In meditating, or musing, on God’s works, the Psalmist announces that he will reflect, ponder or consider at length the work of God. He will go “inside” his mind and there see, hear, smell, taste, and feel the various wondrous works of God—separating Abraham, calling Moses, freeing the Israelites, etc. Trance. When the Psalmist did this or when we do this today—trance occurs.
Prayer too functions as trance. Why or how? Because true prayer involves intense concentration on God. In prayer, we focus our attention on God and do so to such an extent that all other external stimuli move aside.
Probably, nowhere else in the Bible do we find the use of trance more evident than in the parables of Jesus. A parable, after all, operates as a metaphor and so takes on the characteristics of a metaphor. Robert Dilts defines a metaphor as “a figure of speech in which something is spoken of as if it were another.” The word “metaphor” means “to carry over.” In a metaphor the message within the metaphor “carries over” into the other person’s needs. The listener takes the framework or structure of the metaphor and interprets them in the framework of his or her own experience.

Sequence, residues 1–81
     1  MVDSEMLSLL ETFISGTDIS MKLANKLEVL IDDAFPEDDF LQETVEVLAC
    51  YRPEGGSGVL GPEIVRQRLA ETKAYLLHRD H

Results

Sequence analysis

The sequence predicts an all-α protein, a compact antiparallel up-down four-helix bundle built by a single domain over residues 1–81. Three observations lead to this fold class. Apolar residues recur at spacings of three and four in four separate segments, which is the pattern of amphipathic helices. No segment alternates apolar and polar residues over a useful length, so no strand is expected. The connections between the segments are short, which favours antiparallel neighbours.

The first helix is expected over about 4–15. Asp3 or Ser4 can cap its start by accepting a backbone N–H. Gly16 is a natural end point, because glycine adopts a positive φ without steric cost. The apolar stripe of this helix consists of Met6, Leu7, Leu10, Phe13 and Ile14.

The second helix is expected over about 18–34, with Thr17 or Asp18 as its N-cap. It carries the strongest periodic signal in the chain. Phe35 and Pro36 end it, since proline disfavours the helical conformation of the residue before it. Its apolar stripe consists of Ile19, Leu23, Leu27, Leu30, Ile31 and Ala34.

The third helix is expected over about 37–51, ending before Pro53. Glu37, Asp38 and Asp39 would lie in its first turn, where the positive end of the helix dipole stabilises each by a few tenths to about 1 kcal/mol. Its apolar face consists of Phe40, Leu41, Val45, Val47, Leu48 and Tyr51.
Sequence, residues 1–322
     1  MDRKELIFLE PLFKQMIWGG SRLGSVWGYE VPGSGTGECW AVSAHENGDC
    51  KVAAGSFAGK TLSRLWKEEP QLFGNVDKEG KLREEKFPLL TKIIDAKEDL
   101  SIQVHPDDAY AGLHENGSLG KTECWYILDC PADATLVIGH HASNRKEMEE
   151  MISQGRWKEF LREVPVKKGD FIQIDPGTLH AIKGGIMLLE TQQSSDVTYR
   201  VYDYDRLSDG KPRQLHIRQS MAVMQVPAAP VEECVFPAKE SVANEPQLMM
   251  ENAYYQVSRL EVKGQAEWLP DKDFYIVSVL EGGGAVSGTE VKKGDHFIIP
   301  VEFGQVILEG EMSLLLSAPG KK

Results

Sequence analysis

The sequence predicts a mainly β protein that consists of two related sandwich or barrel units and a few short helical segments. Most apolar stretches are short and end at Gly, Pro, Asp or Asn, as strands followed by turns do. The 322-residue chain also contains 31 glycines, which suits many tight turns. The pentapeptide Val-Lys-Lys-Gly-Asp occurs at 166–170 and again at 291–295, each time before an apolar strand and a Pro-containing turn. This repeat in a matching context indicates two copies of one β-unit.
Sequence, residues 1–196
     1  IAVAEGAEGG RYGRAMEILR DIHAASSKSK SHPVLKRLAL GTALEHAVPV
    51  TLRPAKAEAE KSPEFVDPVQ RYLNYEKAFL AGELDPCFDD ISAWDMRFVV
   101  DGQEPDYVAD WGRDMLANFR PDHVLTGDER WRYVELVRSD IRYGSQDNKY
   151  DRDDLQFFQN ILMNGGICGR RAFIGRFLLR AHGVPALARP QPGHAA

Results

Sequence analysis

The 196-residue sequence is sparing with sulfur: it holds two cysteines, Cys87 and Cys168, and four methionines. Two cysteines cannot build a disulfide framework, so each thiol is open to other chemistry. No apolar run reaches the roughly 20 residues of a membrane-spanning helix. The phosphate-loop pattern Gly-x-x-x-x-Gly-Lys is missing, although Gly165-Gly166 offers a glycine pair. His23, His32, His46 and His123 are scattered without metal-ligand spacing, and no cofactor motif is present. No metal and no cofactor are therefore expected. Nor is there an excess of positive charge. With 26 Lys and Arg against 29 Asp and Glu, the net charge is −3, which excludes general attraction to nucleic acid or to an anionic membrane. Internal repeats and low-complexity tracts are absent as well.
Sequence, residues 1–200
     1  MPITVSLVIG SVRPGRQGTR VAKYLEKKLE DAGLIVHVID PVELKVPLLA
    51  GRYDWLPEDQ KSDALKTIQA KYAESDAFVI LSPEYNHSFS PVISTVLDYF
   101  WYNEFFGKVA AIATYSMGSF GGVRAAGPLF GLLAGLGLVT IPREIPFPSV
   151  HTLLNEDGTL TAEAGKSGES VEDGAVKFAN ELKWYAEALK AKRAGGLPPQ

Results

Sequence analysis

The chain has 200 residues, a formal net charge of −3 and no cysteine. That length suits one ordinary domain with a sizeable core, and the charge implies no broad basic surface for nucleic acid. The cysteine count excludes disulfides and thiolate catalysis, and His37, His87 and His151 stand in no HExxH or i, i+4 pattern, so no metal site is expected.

This describes the subtle and covert power of metaphors. Because the message lies in the frame of an unrelated story, the message typically will bypass the client’s conscious mind and go right into the unconscious mind. We therefore use therapeutic metaphor and design to have a similar structure to the client’s experience. Because of the similarity, their unconscious mind will interpret the metaphor in relation to their own needs. The client will take what he hears and represent it in terms of his or her own experience.
When we hear Jesus’ parables, our conscious mind becomes occupied by the simple story of the parable. We think and wonder about the details of the story. But meantime our unconscious mind interprets the story behind the story, or the intended message for ourselves. By occupying our conscious mind with the unrelated story, our Lord puts us in trance in order to get to our unconscious mind with the message of the parable.
Do you think Jesus’ parable of the Good Samaritan really concerned two busy religious leaders who obey the Law by remaining clean? Or, do you think the parable speaks about his condemnation of a religious system that caused religious leaders to put legalism above helping someone in need? And, did our Lord kick them hard when he chose a hated and despised Samaritan as the one who gave a helping hand to the fallen stranger?
At the beginning of His ministry, Jesus chose to present his teaching in a straightforward way, as he did in the Sermon on the Mount. But with the resisting Pharisees, his teaching got Him into trouble and threatened Him with death before His time. So, he chose the parable as a method by which he could get to the unconscious minds of the religious community in a non-threatening way (Matthew 13). And via the parable, Jesus showed his expertness at placing people in trance. A metaphor comes to the mind in a far less threatening way than does direct advice. Why? Because the information has a veiled form in the metaphor.